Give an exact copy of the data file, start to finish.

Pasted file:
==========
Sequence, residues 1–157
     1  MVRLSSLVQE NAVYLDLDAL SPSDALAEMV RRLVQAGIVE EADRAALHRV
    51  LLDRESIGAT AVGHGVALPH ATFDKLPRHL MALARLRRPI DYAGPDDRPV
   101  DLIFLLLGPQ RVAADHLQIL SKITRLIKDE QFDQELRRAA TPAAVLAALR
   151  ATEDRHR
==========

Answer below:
Sequence, residues 1–157
     1  MVRLSSLVQE NAVYLDLDAL SPSDALAEMV RRLVQAGIVE EADRAALHRV
    51  LLDRESIGAT AVGHGVALPH ATFDKLPRHL MALARLRRPI DYAGPDDRPV
   101  DLIFLLLGPQ RVAADHLQIL SKITRLIKDE QFDQELRRAA TPAAVLAALR
   151  ATEDRHR